Warsaw prof slams social media for people thinking they know ‘everything’ about coronavirus
A Polish professor has hit out at social media saying people now rely more on Facebook for information about coronavirus than informed sources.
Tomasz Grzyb, a professor at the SWPS University of Social Sciences and Humanities said that instead of looking for new information about the killer virus, people already think they know everything and rely instead on the views of peers or online commentary.
He said: “People who generally have a certain fearful vision of reality are also significantly afraid of the coronavirus. In turn, if we have people who, for example, were previously inclined to believe in various conspiracy theories and forces that rule the world, now it is much easier for them to believe that the pandemic is a +plandemic+.
“You could see it most clearly in the first days of the pandemic, when it was completely unclear how to behave. A significant signal showing how it works were people storming shops, temporary pasta and toilet paper shortages, which became a basic necessity in every latitude. Those were the moments when we saw that on a rational level people understood that it did not make sense, but since everyone was doing it, they too wanted to stock up.”
He added: “The situation has certainly stabilized in the sense that we less often search for information about this virus. The data showing the queries in the most popular search engine indicate that there was a very high peak of entries related to the coronavirus when people searched for information about it in March and April. This indicator later decreased significantly and is now relatively low.”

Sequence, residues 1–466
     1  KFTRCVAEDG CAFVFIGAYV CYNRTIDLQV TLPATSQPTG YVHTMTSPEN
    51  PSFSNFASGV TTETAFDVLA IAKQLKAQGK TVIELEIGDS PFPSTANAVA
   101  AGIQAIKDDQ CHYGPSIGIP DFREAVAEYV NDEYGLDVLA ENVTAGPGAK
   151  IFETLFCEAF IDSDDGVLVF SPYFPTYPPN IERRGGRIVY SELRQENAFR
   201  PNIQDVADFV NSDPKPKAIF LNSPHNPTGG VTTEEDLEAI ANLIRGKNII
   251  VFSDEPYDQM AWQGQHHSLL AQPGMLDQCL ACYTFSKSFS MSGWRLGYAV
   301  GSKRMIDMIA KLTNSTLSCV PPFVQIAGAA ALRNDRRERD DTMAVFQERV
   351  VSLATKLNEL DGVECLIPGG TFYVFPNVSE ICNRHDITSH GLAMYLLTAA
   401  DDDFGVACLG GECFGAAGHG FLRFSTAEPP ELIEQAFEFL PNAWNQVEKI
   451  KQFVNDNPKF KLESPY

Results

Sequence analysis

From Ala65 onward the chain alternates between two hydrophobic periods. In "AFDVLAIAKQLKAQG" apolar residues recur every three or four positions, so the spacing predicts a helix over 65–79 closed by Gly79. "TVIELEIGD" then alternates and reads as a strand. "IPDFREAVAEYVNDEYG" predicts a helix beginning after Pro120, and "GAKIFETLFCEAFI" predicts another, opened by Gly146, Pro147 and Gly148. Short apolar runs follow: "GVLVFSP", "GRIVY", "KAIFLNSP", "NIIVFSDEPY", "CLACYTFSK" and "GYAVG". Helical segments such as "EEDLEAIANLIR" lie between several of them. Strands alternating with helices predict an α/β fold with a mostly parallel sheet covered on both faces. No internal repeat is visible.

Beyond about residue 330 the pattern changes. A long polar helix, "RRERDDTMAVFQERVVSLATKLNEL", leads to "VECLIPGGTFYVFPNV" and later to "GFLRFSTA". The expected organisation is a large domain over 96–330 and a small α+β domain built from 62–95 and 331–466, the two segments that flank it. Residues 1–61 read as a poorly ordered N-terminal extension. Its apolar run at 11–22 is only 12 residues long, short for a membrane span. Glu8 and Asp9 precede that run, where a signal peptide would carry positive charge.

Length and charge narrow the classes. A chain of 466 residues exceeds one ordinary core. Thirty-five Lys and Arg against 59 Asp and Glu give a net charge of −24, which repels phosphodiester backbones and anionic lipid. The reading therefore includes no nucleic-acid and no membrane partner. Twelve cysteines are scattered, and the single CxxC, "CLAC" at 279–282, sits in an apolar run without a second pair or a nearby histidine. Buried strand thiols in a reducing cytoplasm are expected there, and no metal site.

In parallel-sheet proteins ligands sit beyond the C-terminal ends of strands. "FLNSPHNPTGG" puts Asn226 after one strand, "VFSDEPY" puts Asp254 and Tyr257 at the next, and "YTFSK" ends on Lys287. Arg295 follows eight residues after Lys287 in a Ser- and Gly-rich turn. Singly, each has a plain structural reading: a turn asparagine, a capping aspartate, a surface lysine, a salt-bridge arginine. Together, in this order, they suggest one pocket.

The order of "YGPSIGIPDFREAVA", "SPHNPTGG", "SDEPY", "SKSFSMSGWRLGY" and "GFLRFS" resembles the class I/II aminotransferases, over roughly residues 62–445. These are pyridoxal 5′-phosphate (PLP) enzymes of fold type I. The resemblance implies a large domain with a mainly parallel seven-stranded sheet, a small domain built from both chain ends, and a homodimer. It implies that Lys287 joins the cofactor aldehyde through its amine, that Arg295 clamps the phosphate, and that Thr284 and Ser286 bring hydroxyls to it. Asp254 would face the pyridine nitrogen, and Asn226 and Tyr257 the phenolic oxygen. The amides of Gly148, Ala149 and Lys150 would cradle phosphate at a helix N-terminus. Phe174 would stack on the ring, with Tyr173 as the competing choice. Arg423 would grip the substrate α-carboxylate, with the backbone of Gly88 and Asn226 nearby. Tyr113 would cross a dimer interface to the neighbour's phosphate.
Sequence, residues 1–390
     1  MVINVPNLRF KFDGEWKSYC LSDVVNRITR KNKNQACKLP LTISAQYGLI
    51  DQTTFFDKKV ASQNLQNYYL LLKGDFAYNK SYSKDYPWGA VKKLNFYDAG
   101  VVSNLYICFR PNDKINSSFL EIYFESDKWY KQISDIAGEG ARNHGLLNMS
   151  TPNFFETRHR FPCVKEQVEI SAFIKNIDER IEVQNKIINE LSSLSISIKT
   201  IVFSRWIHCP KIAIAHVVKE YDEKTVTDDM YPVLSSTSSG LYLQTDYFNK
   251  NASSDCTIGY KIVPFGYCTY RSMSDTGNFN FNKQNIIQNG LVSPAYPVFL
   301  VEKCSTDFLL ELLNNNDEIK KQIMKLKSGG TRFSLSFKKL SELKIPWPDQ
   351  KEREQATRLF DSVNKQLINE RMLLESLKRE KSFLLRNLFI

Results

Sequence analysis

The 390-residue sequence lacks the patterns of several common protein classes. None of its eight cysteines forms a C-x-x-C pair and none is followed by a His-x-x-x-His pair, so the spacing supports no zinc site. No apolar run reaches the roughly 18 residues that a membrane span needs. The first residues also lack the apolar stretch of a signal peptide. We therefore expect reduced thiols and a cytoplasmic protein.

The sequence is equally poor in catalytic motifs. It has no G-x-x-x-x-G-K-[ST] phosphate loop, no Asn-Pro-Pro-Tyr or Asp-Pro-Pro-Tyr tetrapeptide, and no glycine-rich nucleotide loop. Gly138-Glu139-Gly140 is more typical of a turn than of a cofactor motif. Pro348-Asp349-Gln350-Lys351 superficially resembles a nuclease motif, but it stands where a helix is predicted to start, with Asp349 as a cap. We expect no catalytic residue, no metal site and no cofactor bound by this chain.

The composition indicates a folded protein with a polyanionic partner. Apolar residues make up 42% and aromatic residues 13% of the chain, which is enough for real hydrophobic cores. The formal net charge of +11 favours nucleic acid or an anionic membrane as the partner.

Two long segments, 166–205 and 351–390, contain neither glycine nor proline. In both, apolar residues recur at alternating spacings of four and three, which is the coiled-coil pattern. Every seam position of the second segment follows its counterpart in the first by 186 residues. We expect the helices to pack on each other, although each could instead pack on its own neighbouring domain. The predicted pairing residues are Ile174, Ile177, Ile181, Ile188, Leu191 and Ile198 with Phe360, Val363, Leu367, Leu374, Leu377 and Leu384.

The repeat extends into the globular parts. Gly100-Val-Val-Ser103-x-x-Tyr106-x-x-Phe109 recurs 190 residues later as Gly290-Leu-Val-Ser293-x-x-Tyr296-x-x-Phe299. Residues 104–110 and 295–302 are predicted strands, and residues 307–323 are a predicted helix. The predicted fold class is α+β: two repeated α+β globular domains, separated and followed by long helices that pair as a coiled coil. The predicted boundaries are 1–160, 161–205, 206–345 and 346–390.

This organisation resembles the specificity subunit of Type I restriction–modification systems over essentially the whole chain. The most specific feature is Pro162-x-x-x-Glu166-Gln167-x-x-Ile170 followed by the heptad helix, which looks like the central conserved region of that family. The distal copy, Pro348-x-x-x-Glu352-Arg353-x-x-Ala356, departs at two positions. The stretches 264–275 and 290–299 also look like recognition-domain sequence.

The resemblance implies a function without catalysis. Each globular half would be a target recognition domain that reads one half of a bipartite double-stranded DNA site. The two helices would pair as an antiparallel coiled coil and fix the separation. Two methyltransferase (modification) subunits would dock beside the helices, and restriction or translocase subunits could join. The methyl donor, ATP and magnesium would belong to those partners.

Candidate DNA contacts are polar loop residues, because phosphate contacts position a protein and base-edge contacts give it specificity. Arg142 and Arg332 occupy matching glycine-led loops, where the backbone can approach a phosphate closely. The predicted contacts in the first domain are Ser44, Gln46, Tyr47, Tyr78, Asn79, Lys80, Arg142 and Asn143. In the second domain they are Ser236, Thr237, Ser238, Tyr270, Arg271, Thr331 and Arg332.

This situation, he says, has now changed and we no longer look for information about the coronavirus, because we believe that we already know everything.
He said: “A significant part of the information we receive comes from people who are part of our +social bubble+. If, for example, we have a Facebook account, we often receive information about the coronavirus very from there, in other words from people who are very similar to us.
“Unfortunately, this information is very often consistent with your expectations, so, for example, if you are convinced that, in general, one should not be afraid of diseases, only eat onions and garlic like grandma said, then you will most likely receive information that supports this view.
“It does not change the fact that this information is usually a complete nonsense. A popular saying goes: for every complicated question about the cause of a phenomenon, there will most likely be a simple answer that will explain everything and be completely nonsensical. These are the answers we very often receive and unfortunately believe in.”
He went on: “We know that taking care of our own health has various dimensions, sometimes it is reasonable, for example wearing masks, washing hands more often, avoiding large groups of people, and sometimes less reasonable, like eating a lot of garlic or, in extreme cases, rinsing the throat with bleach.”
The professor also noted that the decline in health benefits recorded in recent months may have two sources.
He said: “One is that it is simply much more difficult now to make a doctor's appointment. On the other hand, there are certainly some people who think that their symptoms can wait. In a normal situation they would see a doctor, and now they think it is risky,” adding that the number of cancer treatments started during the pandemic dropped by 60% at one point.
He said: “Simple logic dictates that it is not possible that the incidence of cancer has decreased, so this is most likely because people either have a bigger problem with receiving care or are simply afraid to go to the doctor and decide that they can wait a bit longer, which is extremely risky and dangerous in such situations', the expert emphasises. (PAP)
Author: Karolina Kropiwiec
kkr/ joz/ kap/